August 29, 2011

The New York Times
A new academic research paper sheds more light on the role of the Internet and social networks in popular uprisings. While the social Web does connect people and spread messages, it also makes some people more passive and satisfied to monitor events rather than participate in them. For that reason, dictators err by shutting off all Internet access, as Hosni Mubarak did in Egypt on Jan. 28, according to a paper by Navid Hassanpour, a political science graduate student at Yale. He writes:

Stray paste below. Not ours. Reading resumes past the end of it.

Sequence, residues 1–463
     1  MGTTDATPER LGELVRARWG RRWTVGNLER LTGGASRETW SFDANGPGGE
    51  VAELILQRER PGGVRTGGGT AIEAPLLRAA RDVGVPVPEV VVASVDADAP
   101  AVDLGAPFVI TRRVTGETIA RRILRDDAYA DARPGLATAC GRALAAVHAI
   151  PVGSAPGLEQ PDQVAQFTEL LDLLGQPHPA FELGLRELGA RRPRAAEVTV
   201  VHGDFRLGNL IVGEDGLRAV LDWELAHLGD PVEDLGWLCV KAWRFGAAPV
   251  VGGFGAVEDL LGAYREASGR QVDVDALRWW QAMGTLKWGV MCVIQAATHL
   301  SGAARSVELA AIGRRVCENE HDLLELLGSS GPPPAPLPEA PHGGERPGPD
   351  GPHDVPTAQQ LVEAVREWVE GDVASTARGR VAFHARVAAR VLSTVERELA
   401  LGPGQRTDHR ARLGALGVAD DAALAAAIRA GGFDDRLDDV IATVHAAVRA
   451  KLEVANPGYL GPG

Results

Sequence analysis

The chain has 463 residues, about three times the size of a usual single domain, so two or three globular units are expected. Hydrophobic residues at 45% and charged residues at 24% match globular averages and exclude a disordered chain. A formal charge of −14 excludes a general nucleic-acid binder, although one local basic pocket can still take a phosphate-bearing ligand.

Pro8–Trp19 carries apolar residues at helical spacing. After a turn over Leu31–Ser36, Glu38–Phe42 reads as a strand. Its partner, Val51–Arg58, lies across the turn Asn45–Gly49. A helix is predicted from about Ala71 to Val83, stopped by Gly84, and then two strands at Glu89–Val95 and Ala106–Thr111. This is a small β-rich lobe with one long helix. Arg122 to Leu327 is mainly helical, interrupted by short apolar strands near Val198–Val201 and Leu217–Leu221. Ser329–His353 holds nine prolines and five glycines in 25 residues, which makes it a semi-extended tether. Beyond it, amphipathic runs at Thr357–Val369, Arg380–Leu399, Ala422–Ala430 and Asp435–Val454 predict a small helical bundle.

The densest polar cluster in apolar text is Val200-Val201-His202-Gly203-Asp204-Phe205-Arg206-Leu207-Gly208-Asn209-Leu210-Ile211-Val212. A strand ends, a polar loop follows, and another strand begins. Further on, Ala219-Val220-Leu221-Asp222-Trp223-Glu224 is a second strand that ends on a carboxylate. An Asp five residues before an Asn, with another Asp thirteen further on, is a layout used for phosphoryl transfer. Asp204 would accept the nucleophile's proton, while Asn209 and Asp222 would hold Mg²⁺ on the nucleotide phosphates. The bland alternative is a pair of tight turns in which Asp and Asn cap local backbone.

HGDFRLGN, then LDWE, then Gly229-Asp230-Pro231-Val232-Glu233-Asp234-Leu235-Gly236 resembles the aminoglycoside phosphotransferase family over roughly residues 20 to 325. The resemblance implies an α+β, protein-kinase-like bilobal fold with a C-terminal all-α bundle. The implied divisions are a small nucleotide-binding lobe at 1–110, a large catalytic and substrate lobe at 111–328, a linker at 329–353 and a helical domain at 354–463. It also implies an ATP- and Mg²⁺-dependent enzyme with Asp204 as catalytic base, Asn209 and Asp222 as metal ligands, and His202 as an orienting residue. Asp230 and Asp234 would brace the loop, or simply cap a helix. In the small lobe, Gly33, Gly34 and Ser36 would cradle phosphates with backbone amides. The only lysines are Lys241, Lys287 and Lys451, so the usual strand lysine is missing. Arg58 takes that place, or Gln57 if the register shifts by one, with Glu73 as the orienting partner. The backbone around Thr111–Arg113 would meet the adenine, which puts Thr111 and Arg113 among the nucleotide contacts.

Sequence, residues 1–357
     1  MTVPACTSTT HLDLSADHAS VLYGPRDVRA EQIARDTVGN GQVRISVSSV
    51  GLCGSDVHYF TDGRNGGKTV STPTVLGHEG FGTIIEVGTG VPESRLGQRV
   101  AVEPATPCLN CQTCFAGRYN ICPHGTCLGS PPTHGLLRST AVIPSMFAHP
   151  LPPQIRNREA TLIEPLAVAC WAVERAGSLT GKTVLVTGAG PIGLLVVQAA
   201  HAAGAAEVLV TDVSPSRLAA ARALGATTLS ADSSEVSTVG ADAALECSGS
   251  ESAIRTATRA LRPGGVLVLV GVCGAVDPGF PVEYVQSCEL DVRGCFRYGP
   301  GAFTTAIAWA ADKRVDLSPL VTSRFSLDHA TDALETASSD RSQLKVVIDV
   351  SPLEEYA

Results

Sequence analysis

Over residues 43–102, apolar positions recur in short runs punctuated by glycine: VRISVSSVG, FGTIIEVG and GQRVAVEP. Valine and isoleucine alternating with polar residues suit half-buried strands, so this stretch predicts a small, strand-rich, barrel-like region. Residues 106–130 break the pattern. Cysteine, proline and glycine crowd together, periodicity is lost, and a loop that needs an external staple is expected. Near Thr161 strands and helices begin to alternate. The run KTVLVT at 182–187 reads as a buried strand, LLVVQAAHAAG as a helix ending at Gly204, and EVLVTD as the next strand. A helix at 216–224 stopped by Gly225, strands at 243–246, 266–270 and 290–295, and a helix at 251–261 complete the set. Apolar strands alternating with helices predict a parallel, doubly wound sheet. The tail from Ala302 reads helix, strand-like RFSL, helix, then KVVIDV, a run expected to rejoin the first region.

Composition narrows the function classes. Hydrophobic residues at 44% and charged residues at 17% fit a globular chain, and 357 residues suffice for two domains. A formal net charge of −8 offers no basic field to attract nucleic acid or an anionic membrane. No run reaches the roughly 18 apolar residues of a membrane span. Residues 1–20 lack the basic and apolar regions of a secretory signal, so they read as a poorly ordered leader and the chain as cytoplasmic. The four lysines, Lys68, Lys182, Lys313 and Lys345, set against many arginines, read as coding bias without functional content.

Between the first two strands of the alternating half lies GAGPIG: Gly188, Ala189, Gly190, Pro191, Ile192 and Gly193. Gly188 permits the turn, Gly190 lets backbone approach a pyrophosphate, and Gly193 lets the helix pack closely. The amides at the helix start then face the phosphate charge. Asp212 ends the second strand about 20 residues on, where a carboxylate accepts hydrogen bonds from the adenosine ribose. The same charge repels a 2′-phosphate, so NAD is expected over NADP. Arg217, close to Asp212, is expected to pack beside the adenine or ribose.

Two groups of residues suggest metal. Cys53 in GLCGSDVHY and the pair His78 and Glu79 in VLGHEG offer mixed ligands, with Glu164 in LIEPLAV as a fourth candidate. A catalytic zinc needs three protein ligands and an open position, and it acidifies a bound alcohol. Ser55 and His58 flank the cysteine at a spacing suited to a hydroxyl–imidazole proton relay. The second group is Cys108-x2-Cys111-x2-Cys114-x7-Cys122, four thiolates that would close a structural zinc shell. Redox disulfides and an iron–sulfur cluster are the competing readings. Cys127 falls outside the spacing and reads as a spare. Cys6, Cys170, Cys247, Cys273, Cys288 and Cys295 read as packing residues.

“It implicated many apolitical citizens unaware of or uninterested in the unrest; it forced more face-to-face communication, i.e., more physical presence in streets; and finally it effectively decentralized the rebellion on the 28th through new hybrid communication tactics, producing a quagmire much harder to control and repress than one massive gathering in Tahrir.”

Today’s savvier authoritarian regimes are learning to throttle bandwidth so the Internet is accessible but less useful, or to shut off access only in certain neighborhoods, the Times’ Noam Cohen reports.

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Jeff Sonderman ( is the Digital Media Fellow at The Poynter Institute. He focuses on innovations and strategies for mobile platforms and social media in…
Jeff Sonderman

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